verboten was our Word of the Day on 03/18/2014. Hear the podcast!
Theme music by Joshua Stamper ©2006 New Jerusalem Music/ASCAP
Examples of verboten in a Sentence
a college campus on which any form of hate speech was strictly verboten
Recent Examples of verboten from the Web
Nothing of the kind could currently happen in the U.S., where editing the genomes of human embryos is still verboten.
Under Brady, Bazaar also delved into the one subject its founding publisher, Fletcher Harper, had considered verboten: politics.
But acknowledging ironies is verboten in a war that in the end is not about protecting the lives of regular Americans, including those who wish to own guns for normal purposes, but about privileging the lifestyles of American gun fetishists.
There are indeed no words if the only appropriate ones are verboten.
Equal Employment Opportunity Commission regulations do not allow us commoners to question employment candidates about their religion and a number of other verboten issues.
But Gödel's point was moot — all observations indicate that the universe is not rotating, so that particular solution does not apply to our universe, and time travel into the past is verboten.
Public discussions of the mass killings remain verboten in Indonesia—aging survivors of the anti-Communist purge couldn’t even hold a closed-door human rights seminar in September without incurring violent protests.
Blackface, of course, is the most verboten and overtly offensive of costume choices.
These example sentences are selected automatically from various online news sources to reflect current usage of the word 'verboten.' Views expressed in the examples do not represent the opinion of Merriam-Webster or its editors. Send us feedback.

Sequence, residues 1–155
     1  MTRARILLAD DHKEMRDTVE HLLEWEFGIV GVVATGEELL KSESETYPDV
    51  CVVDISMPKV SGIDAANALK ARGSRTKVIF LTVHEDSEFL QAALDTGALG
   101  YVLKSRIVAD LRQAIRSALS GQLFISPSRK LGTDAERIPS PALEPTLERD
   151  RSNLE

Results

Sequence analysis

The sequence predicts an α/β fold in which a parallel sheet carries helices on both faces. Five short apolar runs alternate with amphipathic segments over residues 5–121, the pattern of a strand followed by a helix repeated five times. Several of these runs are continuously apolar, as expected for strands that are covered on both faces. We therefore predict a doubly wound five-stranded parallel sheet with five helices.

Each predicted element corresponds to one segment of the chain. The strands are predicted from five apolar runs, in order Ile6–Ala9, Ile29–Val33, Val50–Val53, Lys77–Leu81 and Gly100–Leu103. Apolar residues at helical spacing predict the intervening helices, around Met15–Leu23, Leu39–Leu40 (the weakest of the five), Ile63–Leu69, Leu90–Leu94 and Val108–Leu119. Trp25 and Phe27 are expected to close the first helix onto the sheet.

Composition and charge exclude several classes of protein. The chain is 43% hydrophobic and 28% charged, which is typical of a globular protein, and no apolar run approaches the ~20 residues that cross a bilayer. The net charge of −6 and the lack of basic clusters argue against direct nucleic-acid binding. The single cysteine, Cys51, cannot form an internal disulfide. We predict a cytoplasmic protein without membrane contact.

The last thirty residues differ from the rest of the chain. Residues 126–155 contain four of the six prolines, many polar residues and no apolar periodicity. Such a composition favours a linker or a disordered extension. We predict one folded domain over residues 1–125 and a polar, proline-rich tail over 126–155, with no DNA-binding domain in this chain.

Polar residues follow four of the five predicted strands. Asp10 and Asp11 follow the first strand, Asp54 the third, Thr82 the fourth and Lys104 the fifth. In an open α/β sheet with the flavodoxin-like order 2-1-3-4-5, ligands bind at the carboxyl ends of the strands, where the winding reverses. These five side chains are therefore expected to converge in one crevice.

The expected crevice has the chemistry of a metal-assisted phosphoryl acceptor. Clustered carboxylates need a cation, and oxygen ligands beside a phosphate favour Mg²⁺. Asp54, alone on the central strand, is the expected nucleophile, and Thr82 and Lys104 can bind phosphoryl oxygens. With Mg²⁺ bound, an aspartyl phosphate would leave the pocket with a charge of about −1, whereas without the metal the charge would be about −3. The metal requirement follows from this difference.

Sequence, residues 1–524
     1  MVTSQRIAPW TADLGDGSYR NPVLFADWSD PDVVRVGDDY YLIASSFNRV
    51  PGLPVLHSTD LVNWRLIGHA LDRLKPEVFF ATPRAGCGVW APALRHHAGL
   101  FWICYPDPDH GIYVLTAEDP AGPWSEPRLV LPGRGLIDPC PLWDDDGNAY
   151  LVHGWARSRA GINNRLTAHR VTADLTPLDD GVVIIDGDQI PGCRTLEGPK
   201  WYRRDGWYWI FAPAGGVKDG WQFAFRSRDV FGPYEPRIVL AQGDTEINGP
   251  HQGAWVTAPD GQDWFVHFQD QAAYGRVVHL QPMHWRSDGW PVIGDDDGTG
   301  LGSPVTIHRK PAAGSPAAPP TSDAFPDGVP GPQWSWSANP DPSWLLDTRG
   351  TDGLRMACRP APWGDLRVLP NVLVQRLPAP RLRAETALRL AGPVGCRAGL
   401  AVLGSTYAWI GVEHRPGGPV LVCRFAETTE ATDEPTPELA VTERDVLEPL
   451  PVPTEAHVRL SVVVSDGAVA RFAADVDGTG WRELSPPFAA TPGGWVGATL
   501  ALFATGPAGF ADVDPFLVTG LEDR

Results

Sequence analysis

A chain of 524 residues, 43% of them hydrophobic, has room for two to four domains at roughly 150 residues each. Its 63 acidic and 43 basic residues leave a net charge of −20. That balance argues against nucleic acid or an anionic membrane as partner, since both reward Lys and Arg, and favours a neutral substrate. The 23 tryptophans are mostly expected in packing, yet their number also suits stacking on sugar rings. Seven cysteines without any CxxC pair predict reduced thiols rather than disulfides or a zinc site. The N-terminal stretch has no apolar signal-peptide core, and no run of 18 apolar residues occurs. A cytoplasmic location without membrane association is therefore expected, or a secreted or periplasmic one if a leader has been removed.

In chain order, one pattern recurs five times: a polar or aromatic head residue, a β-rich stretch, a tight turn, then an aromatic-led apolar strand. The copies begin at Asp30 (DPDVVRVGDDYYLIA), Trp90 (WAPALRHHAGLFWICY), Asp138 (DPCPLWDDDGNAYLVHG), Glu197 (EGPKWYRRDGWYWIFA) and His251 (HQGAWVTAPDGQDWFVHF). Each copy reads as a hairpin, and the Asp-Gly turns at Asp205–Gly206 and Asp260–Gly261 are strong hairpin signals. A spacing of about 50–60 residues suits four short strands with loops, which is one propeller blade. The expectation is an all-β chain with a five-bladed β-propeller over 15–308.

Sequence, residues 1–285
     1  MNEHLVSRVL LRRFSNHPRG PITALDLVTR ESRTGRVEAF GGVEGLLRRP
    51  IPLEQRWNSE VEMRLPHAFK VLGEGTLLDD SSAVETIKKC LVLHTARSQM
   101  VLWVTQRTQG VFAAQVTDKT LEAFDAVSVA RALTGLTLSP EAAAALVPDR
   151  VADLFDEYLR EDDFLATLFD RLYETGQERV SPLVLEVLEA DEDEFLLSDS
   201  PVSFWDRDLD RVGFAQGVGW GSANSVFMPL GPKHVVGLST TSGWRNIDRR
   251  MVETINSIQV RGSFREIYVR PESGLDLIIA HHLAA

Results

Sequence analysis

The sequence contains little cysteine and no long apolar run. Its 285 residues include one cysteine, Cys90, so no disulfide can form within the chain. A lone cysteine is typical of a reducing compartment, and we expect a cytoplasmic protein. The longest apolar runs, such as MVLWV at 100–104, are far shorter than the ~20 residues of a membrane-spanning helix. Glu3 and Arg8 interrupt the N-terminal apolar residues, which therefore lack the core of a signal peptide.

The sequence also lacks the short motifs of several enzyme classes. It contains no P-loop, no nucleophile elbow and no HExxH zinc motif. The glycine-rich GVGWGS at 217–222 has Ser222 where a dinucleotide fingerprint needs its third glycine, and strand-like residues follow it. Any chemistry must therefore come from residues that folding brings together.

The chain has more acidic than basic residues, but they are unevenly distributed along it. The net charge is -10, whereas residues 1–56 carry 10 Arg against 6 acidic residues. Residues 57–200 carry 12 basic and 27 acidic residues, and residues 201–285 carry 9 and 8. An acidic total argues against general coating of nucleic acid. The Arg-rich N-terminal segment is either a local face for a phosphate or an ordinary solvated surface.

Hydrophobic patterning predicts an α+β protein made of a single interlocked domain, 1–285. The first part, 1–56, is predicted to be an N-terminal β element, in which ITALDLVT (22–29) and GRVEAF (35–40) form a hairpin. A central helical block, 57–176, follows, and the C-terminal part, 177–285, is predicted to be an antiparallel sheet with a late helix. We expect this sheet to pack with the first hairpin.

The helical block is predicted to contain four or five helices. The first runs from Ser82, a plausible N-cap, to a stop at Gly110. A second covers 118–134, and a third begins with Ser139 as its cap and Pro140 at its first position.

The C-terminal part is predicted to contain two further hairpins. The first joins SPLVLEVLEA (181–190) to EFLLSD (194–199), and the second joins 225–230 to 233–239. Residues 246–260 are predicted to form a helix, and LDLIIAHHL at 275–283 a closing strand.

Did You Know?
Despite its spelling, the adjective verboten has nothing to do with verb, or any of the other words in our language related to Latin verbum. Rather, verboten comes from German, which got it from Old High German farboten, the past participle of the verb farbioten, meaning "to forbid." (Forbid itself derives from Old English forbeodan, a relative of farbioten.) Verboten, which first appeared in English in 1916, is used to describe things that are forbidden according to a law or a highly regarded authority. There also exists a noun verboten, meaning "something forbidden by authority" (as in "well-established verbotens"), but this use is quite rare and is typically entered only in large, unabridged dictionaries.
Origin and Etymology of verboten
Synonymsbanned, barred, forbidden, interdicted, outlawed, prohibited, proscribed, taboo (also tabu), impermissible
Antonymsallowable, permissible, permissive, sufferable
Related Wordsintolerable, unacceptable, unbearable, unendurable; illegal, illegitimate, illicit, improper, inappropriate, unauthorized, unlawful, unlicensed; ineffable, unmentionable; unseemly, unsuitable; objectionable; disallowed, disapproved, discouraged; refused, rejected, revoked, unsanctioned, vetoed; repressed, suppressed; precluded, prevented, stopped; excluded, ruled out, shut out; blocked, hindered, impeded, obstructed
Near Antonymsacceptable, bearable, endurable, tolerable; accepted, accredited, allowed, appropriate, approved, authorized, certified, endorsed (also indorsed), lawful, legal, legitimate, licensed, OK (or okay), permitted, warranted; accorded, granted, sanctioned, vouchsafed; brooked, condoned, countenanced; encouraged, promoted, supported; commanded, mandatory, ordered, required; proper, seemly, suitable, tolerated, unobjectionable
Seen and Heard
What made you want to look up verboten? Please tell us where you read or heard it (including the quote, if possible).